It’s important to look after your mental health as you age, but particularly in later life. As people get older, they’re likely to have declining physical health, suffer more losses as friends and relatives pass away, and increasing worries about developing conditions such as dementia.
Interestingly though, these common challenges have led to unhelpful myths about older people’s mental wellbeing. A common myth is that it’s normal for older people to be grumpy, down or nervy. For example, the old cranky man who tells off people in the supermarket, or the worried and nervy old lady who avoids going new places or doing new things as it’s too overwhelming, or the lonely older neighbour who never seems to go out or have family or friends visit.
These stereotypes can make ageing a pretty gloomy prospect. But, scientific research actually paints a different picture. In fact, research from around the world shows that older people (on average) experience better mental health.
This occurs despite age-related challenges such as health issues or living alone. It’s an intriguing concept – that despite an increasing number of stressors, people seem to cope better. Although we aren’t quite sure why this occurs, the research suggests that it’s partly due to changes in the way people deal with difficulties as they age that actually helps them to maintain more positive emotions.
Of course, that doesn’t mean that everyone maintains good mental health later in life, it’s just that people are more likely to. In fact, in Australia one in 20 older adults living in the community suffer from depression or anxiety.
People may begin to withdraw from others, get easily irritated or lose interest in things they used to enjoy. They can also experience flatness, lack of motivation, fatigue, significant worry or concerns about multiple things. And they can be grumpy, lonely or nervy.
Unfortunately, because of the ageing stereotypes that assume that these features are normal parts of ageing, these people often don’t get the help they need. The signs are dismissed and ignored by individuals, their family, friends, neighbours and medical professionals too. However, untreated symptoms aren’t only unpleasant but also increase risk for worsening cognition, physical and mental health.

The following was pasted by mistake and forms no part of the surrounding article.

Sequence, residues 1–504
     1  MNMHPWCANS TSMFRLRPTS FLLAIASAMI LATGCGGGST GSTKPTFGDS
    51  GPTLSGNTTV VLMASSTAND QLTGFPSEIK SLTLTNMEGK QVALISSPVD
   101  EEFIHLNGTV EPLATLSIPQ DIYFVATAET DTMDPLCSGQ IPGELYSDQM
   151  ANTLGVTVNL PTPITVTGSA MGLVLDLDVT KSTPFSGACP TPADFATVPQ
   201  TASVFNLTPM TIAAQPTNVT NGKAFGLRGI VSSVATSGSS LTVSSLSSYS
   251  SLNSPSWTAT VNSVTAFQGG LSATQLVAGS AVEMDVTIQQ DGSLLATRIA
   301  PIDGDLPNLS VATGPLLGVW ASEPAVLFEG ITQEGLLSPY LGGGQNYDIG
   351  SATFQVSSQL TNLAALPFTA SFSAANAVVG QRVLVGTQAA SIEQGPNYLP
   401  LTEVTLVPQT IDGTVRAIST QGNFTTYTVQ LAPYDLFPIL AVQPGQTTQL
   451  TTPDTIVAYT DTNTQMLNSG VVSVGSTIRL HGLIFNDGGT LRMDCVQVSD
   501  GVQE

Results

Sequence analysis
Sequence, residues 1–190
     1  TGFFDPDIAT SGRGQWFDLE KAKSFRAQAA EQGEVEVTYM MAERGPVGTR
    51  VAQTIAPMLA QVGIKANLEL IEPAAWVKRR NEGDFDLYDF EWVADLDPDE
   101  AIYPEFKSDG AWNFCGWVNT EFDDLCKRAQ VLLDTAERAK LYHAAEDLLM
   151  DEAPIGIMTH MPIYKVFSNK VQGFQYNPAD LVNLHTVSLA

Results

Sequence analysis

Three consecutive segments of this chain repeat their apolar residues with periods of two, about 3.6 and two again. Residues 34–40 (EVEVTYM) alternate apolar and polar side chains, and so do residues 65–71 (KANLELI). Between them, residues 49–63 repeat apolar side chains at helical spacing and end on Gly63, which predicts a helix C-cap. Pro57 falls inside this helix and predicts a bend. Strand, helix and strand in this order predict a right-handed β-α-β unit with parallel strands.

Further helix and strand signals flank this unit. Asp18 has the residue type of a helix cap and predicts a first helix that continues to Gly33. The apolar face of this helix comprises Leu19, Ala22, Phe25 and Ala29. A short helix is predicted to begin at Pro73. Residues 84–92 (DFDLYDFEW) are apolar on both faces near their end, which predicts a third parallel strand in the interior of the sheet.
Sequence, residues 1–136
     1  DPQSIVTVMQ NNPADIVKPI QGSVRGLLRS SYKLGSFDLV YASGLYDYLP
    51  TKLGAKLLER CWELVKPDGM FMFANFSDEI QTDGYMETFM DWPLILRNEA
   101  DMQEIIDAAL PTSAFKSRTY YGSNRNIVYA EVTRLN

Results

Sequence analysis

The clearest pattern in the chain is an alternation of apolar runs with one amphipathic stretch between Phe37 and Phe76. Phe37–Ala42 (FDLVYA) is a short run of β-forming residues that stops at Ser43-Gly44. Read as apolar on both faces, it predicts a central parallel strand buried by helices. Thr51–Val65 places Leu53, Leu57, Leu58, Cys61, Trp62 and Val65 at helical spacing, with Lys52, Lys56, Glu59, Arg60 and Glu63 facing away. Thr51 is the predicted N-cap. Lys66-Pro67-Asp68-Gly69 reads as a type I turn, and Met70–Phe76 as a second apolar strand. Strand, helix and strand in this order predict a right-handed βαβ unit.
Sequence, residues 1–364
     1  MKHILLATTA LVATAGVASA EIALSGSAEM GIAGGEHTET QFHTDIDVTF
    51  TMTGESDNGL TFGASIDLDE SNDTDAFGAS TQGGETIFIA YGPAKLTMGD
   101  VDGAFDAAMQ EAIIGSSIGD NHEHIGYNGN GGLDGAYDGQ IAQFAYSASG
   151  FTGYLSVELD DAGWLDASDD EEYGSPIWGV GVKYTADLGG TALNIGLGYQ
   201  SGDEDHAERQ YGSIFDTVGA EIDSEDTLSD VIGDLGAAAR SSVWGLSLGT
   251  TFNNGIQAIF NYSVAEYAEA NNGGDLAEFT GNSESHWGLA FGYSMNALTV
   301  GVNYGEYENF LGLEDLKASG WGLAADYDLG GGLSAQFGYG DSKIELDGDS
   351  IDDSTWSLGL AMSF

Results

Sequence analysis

When low mood and anxiety continue, it’s linked to an increased risk of developing dementia, physical illnesses such as cardiovascular disease, and is associated with more severe symptoms of mental illness, including suicide.
The good news is that we know that we can help older people to have good mental health. Even for people who might have suffered with worry or low mood for a long time. There are psychological strategies that can help people learn to change the way they think and behave that have powerful and lasting impacts on mood and wellbeing.
Currently, Macquarie University also has remote options available that allow people to receive treatment from a psychologist for free as part of a clinical trial. Treatment is delivered via the internet, telephone, video conference or face-to-face, depending on where a person lives.
Help is available by talking to your general practitioner or contacting mental health organisation Beyond Blue on 1300 22 4636.